We gave it a D
If nothing else, Flatliners features the most architecturally innovative medical school in history. The film is set in Chicago, yet its five main characters attend anatomy classes within a surreal Gothic structure (Is it a church? a medieval disco? an alien spaceship?) that suggests a pop satanic version of the Taj Mahal. I guess the setting is appropriate. Surrounded by an incongruous array of Doric columns and Old Master paintings, and with the light so dim it’s a wonder anyone can even make out the cadavers, these young medical daredevils are engaged in a reckless quest into The Beyond.
The title refers to the flat, ridgeless brain wave that results on the EEG screen when a person’s life functions have completely ceased. Inspired by the afterlife experiences of those who have ”died” and returned to life, Nelson (Kiefer Sutherland), sort of a Brat Pack Dr. Frankenstein, leads his fellow ”flatliners” in a reckless experiment. They take turns having their heart, lungs, and brain shut down for two or three minutes at a time, until they’re revived. The flatliners learn that the afterlife isn’t quite as peachy-keen as they expected. Unfortunately, that’s what the audience learns, too. You may go into Flatliners hoping for a psychedelic mindblower, but the film is about as exciting as staring at a lava lamp for two hours.
You know you’re in a trouble when a movie begins with heavenly choirs on the soundtrack. The director, Joel Schumacher, also made The Lost Boys. Here, once again, he works in a style that could be described as high rock video: It’s gloss with pretentions. The Lost Boys was the vampire movie as New Wave teen fashion show; Flatliners is the trip movie as New Wave teen morality play. As the characters plunge into the afterlife, we expect, naturally, that they’ll be lofted through surreal fantasies, metaphysical visions, pretty colors. And, yes, there’s a daisy field or two, and couple of zooming helicam shots. One of the characters — a womanizer — dreams a black-and-white montage that looks like the covers of the next eight Madonna albums. But mostly, what the characters get are reveries of the past. Visions of the things they feel guilty about. They come face to face with…their sins!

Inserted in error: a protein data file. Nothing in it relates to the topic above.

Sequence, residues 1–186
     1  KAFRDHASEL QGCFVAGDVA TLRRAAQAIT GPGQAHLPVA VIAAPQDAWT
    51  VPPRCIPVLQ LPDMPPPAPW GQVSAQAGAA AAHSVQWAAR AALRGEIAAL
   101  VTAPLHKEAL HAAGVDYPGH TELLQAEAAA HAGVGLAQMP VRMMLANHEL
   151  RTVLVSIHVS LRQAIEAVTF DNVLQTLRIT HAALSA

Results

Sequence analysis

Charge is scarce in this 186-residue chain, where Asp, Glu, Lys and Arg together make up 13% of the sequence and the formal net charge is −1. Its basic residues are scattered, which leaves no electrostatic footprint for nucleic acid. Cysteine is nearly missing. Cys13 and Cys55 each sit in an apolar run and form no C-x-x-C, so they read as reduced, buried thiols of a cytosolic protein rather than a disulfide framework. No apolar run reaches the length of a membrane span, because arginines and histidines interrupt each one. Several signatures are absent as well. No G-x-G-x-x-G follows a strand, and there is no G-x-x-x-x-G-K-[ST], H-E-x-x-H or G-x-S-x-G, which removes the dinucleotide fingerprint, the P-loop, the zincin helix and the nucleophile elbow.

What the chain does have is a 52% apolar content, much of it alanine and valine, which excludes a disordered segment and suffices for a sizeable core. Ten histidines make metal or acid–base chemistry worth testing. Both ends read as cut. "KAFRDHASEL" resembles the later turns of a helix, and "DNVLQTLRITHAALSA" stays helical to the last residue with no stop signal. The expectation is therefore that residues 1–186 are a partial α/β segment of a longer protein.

David (Kevin Bacon) feels guilty about making fun of a little black girl in grade school. Joe (William Baldwin), the Lothario, feels guilty for making secret videotapes of the girls he goes to bed with (what an original gimmick for a movie!). Rachel (Julia Roberts) feels guilty about the suicide of her father, a Vietnam veteran. As for Kiefer Sutherland’s Nelson, his guilt revolves around a rather dastardly incident, this one also concerning a grade-school compatriot.
As it turns out, confronting this terrible stuff in death isn’t enough. When the characters return from their flatline state, their visions are still with them. The little black girl keeps appearing to torment David. All of Joe’s women now turn to face him on the video monitor — they’re his sexual accusers! And the young boy from Nelson’s dream keeps showing up to kick the crap out of him. Take that for your sins, butt-face! And that! At times, it’s like watching a slightly arty edition of an Afterschool Special. The message? Don’t be mean to kids at school.
Brain death is very much in evidence here, though perhaps not in quite the way the producers intended. What isn’t in evidence is the sort of overheated lunacy that made the William Hurt speed-freak trip movie Altered States (1980) such delectable trash. Flatliners is camp, but of a very low order. Schumacher is too intent on pandering to the youth market to take the mad risks and plunges that make for a scintillating bad movie. His idea of cinematic excitement is to feature a jumpy, nervous camera every time one of the characters comes out of a death state. We’re supposed to think, ”Gee, will they make it back?!” By the third or fourth close call, we’re not exactly sweating.
Schumacher’s fusion of flash and lugubriousness payed off commercially in The Lost Boys, but there, at least, a few of the actors — notably Kiefer Sutherland — had a demonic charisma. Sutherland is always much more dynamic when he’s playing leering, smarmy types. His overly blase mad scientist in Flatliners would have worked better had he been more victimizer than victim. The ageless Kevin Bacon turns in another soft-edged performance, and Julia Roberts’ fans will be disappointed to see that her follow-up to Pretty Woman (this one was made before anyone knew she was a star) is such a dud, and that she has a relatively minor role in it. The part doesn’t give her much of a chance — but then she doesn’t do much with it except to stand around and look beautiful and concerned. She’ll survive Flatliners without much problem, though for a lesser star a movie like this could prove a journey into an afterlife from which there is no return. D